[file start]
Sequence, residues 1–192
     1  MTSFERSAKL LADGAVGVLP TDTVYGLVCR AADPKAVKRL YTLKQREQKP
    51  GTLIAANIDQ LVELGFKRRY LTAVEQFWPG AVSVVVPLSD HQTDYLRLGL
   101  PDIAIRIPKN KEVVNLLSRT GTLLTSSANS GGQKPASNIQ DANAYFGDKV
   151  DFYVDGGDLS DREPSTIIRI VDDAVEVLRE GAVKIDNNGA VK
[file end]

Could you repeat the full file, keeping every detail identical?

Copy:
Sequence, residues 1–192
     1  MTSFERSAKL LADGAVGVLP TDTVYGLVCR AADPKAVKRL YTLKQREQKP
    51  GTLIAANIDQ LVELGFKRRY LTAVEQFWPG AVSVVVPLSD HQTDYLRLGL
   101  PDIAIRIPKN KEVVNLLSRT GTLLTSSANS GGQKPASNIQ DANAYFGDKV
   151  DFYVDGGDLS DREPSTIIRI VDDAVEVLRE GAVKIDNNGA VK